Profile and compensation twist

Profile and compensation twist


Lowering this bridge brought out some interesting observations. The lower bridge obviously became more stable. Some of the airiness and vibrancy was lost. It still sounded great but it was much quicker to decay. We put heavier .013 strings on to see what would happen. The guitar changed with a powerful voice, perfect for a rhythm instrument, but Amati owner and I were still after the sweet harp-like openness it had before. I knew I needed to rethink the bridge.

The biggest issue was the height of the bridge. A shorter bridge will always be more stable than a taller one. A step stool is always more stable than a 12 foot ladder! In bridge language, the more stable it is, the less rocking motion it will have which in turn affects the treble and mid range vibrations of the top. Bass will be least affected because it’s movement is more vertical to the vector forces of the strings but depending on the string angle change it can be affected to.  With so many factors going on, one can see that bridge design needs to be a delicate balance tailored specifically to each instrument.

My solution stayed within the world of string instruments as I revisited my work on cellos. The current bridge, after it was shortened for proper action, was no longer in balance. The client was quick to hear the difference. The new bridge needed a more direct path to the soundbox as well as a more flexible profile. I want the energy to go right from the string to the air being pushed out of the box.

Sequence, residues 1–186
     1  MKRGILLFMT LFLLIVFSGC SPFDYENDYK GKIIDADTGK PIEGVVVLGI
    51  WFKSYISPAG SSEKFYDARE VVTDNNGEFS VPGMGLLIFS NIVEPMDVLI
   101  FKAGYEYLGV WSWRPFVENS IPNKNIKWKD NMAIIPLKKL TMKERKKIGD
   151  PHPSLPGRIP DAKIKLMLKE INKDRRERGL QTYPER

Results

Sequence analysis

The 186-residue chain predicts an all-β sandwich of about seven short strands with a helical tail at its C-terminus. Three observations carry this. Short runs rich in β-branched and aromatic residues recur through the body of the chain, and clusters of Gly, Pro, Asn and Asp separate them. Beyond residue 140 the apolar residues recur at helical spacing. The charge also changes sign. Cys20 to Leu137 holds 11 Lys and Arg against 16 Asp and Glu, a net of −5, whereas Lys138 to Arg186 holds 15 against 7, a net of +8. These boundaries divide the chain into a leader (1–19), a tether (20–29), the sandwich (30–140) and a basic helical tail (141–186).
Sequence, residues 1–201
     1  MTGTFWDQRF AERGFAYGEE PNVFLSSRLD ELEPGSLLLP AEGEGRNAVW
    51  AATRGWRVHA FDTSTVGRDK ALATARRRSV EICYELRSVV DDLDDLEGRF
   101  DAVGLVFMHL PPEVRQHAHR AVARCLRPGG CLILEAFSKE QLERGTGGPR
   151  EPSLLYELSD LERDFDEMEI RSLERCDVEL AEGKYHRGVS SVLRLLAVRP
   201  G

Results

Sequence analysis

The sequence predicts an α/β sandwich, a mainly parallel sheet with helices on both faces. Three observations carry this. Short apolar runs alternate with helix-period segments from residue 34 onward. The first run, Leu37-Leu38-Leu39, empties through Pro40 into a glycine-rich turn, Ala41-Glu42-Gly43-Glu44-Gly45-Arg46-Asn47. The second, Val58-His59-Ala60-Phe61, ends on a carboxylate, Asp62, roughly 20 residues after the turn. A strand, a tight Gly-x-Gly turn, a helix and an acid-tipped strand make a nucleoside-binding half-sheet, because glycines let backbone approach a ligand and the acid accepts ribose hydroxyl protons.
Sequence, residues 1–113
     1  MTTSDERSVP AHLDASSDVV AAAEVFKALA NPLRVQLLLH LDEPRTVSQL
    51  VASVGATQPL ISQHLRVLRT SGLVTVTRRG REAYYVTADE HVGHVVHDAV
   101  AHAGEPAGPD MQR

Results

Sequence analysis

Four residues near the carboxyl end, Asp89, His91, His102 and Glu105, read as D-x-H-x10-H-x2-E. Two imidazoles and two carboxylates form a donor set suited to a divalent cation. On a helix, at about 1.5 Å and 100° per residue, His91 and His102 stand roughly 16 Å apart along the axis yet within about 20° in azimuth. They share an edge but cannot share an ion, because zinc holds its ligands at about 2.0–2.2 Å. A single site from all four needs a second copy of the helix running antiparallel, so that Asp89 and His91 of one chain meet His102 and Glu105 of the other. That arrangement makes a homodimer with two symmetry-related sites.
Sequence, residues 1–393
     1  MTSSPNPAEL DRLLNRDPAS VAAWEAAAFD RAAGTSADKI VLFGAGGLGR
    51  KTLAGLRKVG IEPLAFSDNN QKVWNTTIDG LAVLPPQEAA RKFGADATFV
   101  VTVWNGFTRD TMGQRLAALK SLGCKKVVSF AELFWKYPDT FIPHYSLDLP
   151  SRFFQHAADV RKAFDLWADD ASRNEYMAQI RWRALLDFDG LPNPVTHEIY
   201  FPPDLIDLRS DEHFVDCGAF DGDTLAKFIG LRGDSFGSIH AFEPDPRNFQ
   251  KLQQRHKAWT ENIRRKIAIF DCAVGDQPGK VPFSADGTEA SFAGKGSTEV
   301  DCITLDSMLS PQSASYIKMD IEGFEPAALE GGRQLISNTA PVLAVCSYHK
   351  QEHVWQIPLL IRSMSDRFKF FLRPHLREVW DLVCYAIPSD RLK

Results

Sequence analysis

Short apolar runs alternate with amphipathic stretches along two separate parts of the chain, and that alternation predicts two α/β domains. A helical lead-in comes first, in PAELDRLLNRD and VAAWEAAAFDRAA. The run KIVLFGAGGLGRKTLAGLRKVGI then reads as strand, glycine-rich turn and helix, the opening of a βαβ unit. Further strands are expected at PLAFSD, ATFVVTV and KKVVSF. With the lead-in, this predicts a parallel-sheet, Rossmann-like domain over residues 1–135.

Hand cut cello bridge, the new "improved" Amati bridge and the older Amati bridge in the rear

Hand cut cello bridge, the new “improved” Amati bridge and the older Amati bridge in the rear.


The new bridge lowered the action to the correct height while bringing out the clarity, balance, and shimmering qualities that we loved about this Amati. This experience was a learning opportunity for me and I was pleased that my initial work on the original bridge was an eye opener. That adjustment led to the new design which I feel is an all around better bridge. The bridge work on the Amati is very rewarding because it provides immediate feedback on just how versatile and specific the archtop guitar can be.

Not only is it a more beautiful solution, the client of this Amati now has multiple bridges that allow for completely different voices and styles of play.


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4 Responses to “The Birth of a New Amati Bridge”

  1. matt Says:

    do you make the amati maple bridge for guitar for sale

  2. admin Says:

    Hi Matt, I do not supply the Amati bridge because each bridge is cut very specifically to each guitar. I would feel bad selling bridges that had my name on them and fit incorrectly on a different instrument. Thanks for your inquiry. -Danny

  3. Akshay Vaidyanathan Says:

    So fascinating! Was the cello inspired bridge lighter as well?

  4. admin Says:

    Yes, Much, much lighter. I haven’t measured them but they are probably 25% or less of the standard ebony adjustable bridges. It also helps to use really old dried up maple.